RUSHDIE"S NEW TAKE ON NOVEL
As the world has gone on in the last quarter century, it has shrunk. Part of that is communication, part of that is mass migration, part of that is economic globalisation, and yes, part of that is international terrorism. For a combination of all these reasons, our societies in different parts of the world bleed into each other, sometimes literally, to a much greater degree than was ever the case. So my stories have turned into these strange stories where to understand one bit of the world, you have to understand another bit of the world. In a way, it goes against the grain of the novel. The novel has something provincial in nature. The novel wants to be put in a small town with a couple of merchants and an unfaithful wife and tell the story. But the world ain't like that. Now you must put together a story that operates in many cultures and you must put those pieces of jigsaw together.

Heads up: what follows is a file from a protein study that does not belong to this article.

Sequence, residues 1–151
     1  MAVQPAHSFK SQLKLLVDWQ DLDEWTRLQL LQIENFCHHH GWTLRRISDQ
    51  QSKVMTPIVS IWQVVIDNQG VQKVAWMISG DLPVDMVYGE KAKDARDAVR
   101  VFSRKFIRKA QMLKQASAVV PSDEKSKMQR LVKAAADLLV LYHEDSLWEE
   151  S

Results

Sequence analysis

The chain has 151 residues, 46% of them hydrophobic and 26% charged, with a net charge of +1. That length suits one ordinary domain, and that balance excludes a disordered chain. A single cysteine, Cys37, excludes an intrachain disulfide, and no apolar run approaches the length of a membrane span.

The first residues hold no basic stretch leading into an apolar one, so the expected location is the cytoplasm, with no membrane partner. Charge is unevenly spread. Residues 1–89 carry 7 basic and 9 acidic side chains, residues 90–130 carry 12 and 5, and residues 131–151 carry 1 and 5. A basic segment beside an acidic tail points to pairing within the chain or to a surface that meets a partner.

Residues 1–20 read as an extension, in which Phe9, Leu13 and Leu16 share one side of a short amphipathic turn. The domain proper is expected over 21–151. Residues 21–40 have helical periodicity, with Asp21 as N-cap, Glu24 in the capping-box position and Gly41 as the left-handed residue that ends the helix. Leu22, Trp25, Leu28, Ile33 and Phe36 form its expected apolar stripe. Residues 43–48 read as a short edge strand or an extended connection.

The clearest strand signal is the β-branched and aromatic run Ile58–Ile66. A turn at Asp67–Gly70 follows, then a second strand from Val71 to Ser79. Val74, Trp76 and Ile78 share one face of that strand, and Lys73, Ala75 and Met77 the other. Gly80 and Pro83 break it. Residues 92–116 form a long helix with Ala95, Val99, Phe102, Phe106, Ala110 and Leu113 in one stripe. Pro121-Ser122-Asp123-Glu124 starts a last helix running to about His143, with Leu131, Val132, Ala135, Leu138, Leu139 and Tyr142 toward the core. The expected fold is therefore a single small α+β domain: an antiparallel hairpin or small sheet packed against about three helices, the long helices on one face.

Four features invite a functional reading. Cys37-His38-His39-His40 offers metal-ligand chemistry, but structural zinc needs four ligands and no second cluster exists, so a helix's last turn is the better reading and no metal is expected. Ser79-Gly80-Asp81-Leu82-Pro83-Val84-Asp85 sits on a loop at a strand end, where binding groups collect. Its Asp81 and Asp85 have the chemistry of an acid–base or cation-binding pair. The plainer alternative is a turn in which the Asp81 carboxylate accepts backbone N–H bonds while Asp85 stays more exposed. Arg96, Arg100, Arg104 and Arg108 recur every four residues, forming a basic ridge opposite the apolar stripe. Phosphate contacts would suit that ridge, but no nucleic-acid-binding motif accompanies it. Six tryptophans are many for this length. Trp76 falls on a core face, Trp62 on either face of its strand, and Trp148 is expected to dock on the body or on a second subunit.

Yes, you guess it right: it's Salman Rushdie in an interview with the Times Of India dated October 16, 2005.
What does he mean actually? He has been talking like this post-9/11 for quite a while. I can't quite grasp his message. Is it an ostentatious excuse for the kind of novels that he's writing these days?
Is Shalimar the Clown a great novel?